Many people do not know that Pennsylvania is one of the remaining six states that still charge an inheritance tax to beneficiaries who inherit property. This can lead to a bad surprise when people are navigating the process of taking possession of assets after someone has passed away. Estate planning is the best way to prevent this kind of shock and to be ready in advance for the taxes that you will need to pay.
Are Any Items Exempt From Inheritance Taxes in Pennsylvania?
Life insurance policy proceeds and real estate that is located outside of Pennsylvania are the only two items that are exempt from inheritance taxes. You will pay inheritance tax on property in Pennsylvania even if you are a non-resident when you inherit.
This means that the annuities, retirement accounts, US Savings bonds, bank or investment accounts, personal property, and all other assets that are included in an estate will be subject to inheritance tax. As you can imagine, this can really add up over time. The amount of tax that is owed will depend on how closely related the beneficiary was to the decedent as well. This means that you could pay 0% or as much as 15%. The more distantly you are related to someone, the higher the tax that is assessed. Spouses pay 0% while grandchildren or children pay 4.5%.
How Can Estate Planning Help Reduce Your Inheritance Tax Burden?
There are various strategies that can reduce the amount of tax that you will have to pay on an inheritance. The better prepared that you are, the more likely you will be to avoid excessive costs related to the inheritance process.
- Listing Deductions for Burial, Funeral Costs, and Debts
Because you will only have to pay tax on the property that is valued as of the date of death of the decedent, you are only required to pay inheritance tax on what you actually inherit. This means that you can reduce the inheritance that you are paid by listing deductions for funeral costs and burial fees as well as costs related to the estate like taxes and legal fees. Debts that the decedent owed can also be listed.
- Making Outright Gifts
When you give property and other items to people as gifts in your will, you will remove these items from the scope of the inheritance tax charges. You can also withhold immediate access to gifts during your lifetime. These items can also be associated with a trust to protect them from inheritance taxes. You do have to complete your trust or gift plans a minimum of one year before your death, however.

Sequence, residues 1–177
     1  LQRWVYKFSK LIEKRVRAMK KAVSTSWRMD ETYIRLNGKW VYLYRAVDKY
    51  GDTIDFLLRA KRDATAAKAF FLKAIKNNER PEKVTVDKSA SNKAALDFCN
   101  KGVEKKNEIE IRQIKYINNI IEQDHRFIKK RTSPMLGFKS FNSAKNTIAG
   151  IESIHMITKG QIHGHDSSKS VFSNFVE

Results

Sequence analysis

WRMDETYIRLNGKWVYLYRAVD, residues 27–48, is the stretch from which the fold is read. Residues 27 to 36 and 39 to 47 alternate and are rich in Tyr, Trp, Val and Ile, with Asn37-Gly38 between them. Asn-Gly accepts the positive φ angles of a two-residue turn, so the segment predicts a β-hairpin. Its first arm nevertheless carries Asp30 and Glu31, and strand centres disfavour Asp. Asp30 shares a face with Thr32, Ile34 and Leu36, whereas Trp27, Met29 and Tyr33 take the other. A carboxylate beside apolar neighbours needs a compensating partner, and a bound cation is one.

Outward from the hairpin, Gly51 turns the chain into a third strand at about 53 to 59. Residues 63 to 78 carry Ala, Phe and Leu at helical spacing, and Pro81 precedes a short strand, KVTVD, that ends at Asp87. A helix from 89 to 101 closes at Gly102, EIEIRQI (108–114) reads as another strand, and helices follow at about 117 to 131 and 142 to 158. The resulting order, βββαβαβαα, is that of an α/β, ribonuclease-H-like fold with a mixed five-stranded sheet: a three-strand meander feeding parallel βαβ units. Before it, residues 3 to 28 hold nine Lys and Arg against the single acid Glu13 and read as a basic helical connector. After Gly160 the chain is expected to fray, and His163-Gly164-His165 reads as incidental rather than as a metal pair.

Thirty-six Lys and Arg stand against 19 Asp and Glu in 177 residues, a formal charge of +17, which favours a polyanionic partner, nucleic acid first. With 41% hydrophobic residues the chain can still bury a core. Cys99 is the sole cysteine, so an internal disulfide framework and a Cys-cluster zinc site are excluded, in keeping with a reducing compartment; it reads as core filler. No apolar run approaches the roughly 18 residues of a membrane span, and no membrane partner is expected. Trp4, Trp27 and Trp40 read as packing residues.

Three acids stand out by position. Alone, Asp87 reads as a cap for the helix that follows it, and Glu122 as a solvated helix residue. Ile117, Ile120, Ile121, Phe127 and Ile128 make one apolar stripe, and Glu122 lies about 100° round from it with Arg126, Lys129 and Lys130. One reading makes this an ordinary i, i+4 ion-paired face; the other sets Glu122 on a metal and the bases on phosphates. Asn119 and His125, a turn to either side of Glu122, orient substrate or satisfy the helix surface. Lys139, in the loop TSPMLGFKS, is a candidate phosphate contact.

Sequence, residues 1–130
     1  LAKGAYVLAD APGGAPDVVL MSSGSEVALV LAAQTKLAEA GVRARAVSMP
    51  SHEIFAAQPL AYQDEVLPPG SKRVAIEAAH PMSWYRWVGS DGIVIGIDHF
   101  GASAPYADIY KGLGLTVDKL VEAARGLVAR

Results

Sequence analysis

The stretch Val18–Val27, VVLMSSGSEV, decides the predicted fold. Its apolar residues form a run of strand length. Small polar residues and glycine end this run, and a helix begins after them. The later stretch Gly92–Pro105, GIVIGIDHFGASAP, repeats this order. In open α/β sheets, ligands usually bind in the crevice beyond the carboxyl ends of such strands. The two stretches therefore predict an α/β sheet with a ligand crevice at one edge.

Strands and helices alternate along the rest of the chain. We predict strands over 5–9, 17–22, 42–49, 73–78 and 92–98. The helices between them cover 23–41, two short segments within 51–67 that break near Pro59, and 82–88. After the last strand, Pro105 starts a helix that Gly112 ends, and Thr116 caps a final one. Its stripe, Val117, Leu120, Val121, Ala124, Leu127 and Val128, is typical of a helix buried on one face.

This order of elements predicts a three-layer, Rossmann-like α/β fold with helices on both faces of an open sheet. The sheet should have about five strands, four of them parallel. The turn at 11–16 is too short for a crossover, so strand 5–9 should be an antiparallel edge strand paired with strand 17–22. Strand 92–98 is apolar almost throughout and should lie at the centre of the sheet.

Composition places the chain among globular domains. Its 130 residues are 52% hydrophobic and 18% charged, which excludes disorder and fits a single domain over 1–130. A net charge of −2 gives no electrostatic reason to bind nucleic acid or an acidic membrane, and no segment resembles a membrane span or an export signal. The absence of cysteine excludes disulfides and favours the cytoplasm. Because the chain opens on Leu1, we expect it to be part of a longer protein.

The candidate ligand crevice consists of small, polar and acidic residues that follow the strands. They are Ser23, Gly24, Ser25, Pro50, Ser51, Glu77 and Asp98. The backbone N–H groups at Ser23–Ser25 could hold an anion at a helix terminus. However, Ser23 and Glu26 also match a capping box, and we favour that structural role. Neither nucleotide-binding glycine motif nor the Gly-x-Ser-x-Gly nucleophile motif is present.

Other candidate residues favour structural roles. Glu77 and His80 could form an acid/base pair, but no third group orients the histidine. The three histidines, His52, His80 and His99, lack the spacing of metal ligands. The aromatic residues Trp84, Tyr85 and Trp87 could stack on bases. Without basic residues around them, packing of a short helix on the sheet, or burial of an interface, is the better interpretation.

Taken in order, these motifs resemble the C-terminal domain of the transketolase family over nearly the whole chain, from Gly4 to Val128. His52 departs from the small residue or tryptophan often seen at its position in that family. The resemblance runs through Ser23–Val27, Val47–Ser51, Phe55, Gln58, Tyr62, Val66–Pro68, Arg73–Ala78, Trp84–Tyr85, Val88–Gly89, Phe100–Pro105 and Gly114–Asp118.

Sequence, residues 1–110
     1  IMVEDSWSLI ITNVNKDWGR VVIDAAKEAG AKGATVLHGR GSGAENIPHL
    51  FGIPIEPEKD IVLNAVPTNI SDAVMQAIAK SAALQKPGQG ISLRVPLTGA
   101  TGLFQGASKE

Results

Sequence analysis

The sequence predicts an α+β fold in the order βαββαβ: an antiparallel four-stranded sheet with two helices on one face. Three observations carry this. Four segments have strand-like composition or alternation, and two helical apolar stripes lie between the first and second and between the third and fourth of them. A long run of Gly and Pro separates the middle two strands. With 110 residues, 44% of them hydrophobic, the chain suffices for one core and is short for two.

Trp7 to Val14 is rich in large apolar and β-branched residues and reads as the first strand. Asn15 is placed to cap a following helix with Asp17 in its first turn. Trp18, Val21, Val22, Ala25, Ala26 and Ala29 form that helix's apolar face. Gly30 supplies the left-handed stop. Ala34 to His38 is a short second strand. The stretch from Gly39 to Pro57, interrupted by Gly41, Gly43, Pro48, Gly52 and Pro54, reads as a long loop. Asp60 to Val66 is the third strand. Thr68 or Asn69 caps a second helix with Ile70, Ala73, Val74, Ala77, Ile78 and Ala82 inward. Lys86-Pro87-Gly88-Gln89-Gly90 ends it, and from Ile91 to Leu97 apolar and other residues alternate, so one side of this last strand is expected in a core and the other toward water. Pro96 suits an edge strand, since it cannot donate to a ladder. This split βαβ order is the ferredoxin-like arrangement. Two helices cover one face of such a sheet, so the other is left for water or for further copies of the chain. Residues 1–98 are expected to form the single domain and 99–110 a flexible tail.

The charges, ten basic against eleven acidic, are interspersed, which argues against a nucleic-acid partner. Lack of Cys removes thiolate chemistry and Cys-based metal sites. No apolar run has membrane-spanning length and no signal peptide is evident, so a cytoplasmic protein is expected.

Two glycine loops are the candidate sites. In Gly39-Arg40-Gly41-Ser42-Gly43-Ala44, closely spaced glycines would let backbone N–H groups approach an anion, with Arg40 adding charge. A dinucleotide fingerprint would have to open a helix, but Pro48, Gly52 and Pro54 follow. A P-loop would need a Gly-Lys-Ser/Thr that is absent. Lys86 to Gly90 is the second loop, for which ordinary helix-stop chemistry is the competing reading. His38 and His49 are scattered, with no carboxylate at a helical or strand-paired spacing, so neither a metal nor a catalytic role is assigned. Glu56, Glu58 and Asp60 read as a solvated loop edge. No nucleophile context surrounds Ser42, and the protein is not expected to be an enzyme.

- Add a Joint Owner With the Right of Survivorship
When you add a joint owner with the right of survivorship to the property, and the person lives one year on the property thereafter, they are considered entitled to one-half the property. When you die, this will mean that the inheritance tax owed is only for one-half of the property. You can add more than one joint owner to reduce the taxes on the property even further. This plan can have an Achilles heel, however, because if a joint owner dies before you will owe inheritance tax on their share of the property.
What is the Best Plan of Action?
It might seem like these are all very different options to try and choose from. You will find that a trust is almost always the best way to protect most of your assets from inheritance tax after your death. This is something that needs to be set up as soon as possible, just in case something should happen to you. You cannot consider the trust finalized if you die before the trust has been in place for a year. This also offers the benefit of supplanting a last will and testament for your estate and your accounts will avoid probate if they are part of a trust.
At Antanavage Farbiarz, we take pride in helping our customers in Pennsylvania to navigate the estate planning process. You can trust us to help you reduce the inheritance burden that will fall on those who survive you and we can also ensure that the right assets are given to the right people upon your death. We are experts in the area of wills, trusts, gifts, and other methods of reducing the taxes on your assets. For estate planning assistance and to discuss your will, call us at (610) 562-2000 or use our contact form to schedule an appointment for a consultation.